Obituary: David Cox

David Cox David Cox loved five-a-side football and had an 'impish' sense of humour

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David Cox, a team leader in Future Media's Television Platforms, tragically died at the age of 42 on January 24 when taking his children to school.

He was a software engineer by profession, specialising in digital television. After leaving university, he started his career with NDS in Southampton before joining Sony in Pencoed in April 2000.

Nick Howroyd, a colleague from the early NDS days and also at Sony, recalls how David had a passion for five-a-side football, describing him as calm, patient, with quick feet and swift thought, delivering the killer shot from the narrowest of angles, precisely calculated.

At Sony, David was a key contributor to many of the digital tv designs that were produced throughout 2000 to 2010. Sony colleagues remember him as a professional and, technically, one of the best.

David Williams recalls: 'When we had big issues to resolve, we would joke that we would give the other person two days to try and fix it, before we asked Dave to correctly resolve it - nothing was beyond his capability.'

He also remembers David's sharp wit and one-liners, always delivered with impeccable timing.

A pioneer

After leaving Sony, David joined the BBC in May 2010 as a principal engineer and soon became team leader responsible for our interactive broadcast services. He worked on many projects that brought joy to the British public including iPlayer, the Freesat interactive services and the Olympics.

Start Quote

He quietly got on with his work, cared deeply for the people he managed and provided excellence in service to internal teams and external organisations”

End Quote Neil Memmott Group Engineering Manager, TV Platforms

David was also a pioneer. He was part of the team that moved to BBC North from London and played a big part in rebuilding our team in Media City. He also worked with R&D to deliver new services to the audience, including support for 3D television trialled at Wimbledon and Strictly Come Dancing.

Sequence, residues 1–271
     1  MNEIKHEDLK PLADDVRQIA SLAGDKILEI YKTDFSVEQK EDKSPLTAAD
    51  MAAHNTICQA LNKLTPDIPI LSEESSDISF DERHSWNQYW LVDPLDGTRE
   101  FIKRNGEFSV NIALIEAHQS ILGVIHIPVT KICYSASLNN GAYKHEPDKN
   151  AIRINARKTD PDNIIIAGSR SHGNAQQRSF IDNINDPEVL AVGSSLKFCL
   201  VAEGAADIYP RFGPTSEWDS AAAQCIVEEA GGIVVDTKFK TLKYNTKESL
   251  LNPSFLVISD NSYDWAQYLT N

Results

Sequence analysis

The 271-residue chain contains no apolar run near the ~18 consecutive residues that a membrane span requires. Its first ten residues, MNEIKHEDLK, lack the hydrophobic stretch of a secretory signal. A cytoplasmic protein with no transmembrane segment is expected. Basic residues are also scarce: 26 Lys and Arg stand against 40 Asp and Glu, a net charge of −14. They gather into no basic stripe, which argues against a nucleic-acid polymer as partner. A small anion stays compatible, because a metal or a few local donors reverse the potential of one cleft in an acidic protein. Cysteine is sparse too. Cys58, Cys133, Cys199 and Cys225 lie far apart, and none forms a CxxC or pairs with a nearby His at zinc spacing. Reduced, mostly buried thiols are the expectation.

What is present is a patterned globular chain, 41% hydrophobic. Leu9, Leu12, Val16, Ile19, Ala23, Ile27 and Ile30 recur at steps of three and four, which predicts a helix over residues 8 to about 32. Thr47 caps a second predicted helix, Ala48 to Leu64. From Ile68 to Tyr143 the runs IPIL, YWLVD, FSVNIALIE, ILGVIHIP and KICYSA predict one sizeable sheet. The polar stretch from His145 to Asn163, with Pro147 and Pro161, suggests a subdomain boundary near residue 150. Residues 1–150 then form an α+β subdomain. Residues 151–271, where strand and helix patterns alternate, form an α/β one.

I will remember David as a specialist in his field who played a key role in helping shape a service loved by millions of people across the British Isles. He quietly got on with his work, cared deeply for the people he managed and provided excellence in service to internal teams and external organisations.

One colleague, Andrew, remembers when they worked together on the Sony iPlayer project. 'David was the voice of calm who kept the rest of us sane. He was respected, not least because he treated others with respect. I shall also remember that impish sense of humour, which was still there when I sat next to him ... last November.'

David worked closely with the editorial team, helping them set up the service for events and quizzes. Victoria from the team remembers David as the 'Fantastic Mr Cox' who to her team was a 'trusted and skilled ally on the technical side of Red Button.

'Beneath his calm, capable exterior lurked a calm, capable gentleman.'

In weekly conference calls, Victoria would always ask at the start: 'Is David Cox on the line?'

'I'd usually get a quiet murmur of assent,' she says, 'and this meant I could relax in the knowledge that nothing worrying would slip past.'

Finest moment

From speaking to Ruth (David's wife) and John (David's brother) it is clear that he loved his job and working for the BBC. His finest moment had to be enhancing the Red Button service for the Olympics to provide unprecedented choice of up to 24 tv channels. This allowed the public to never miss a moment of the games.

David was rightly proud of the reach and appreciation of his work and was touched by the accolades from the press and public. The Evening Standard ran a feature praising the service titled 'Red Button Olympics' with the picture of a finger pressing a huge red button in the centre of the Olympic stadium. This became the background screen to David's laptop.

David has left a big hole in our teams that will be hard to fill. We will be remembering David and his work by renaming the room set aside to test the Red Button. But we can all remember with a smile every time we press Red on our television, David Cox the calm, capable specialist engineer who had a great sense of humour.

Neil Memmott, Group Engineering Manager, TV Platforms

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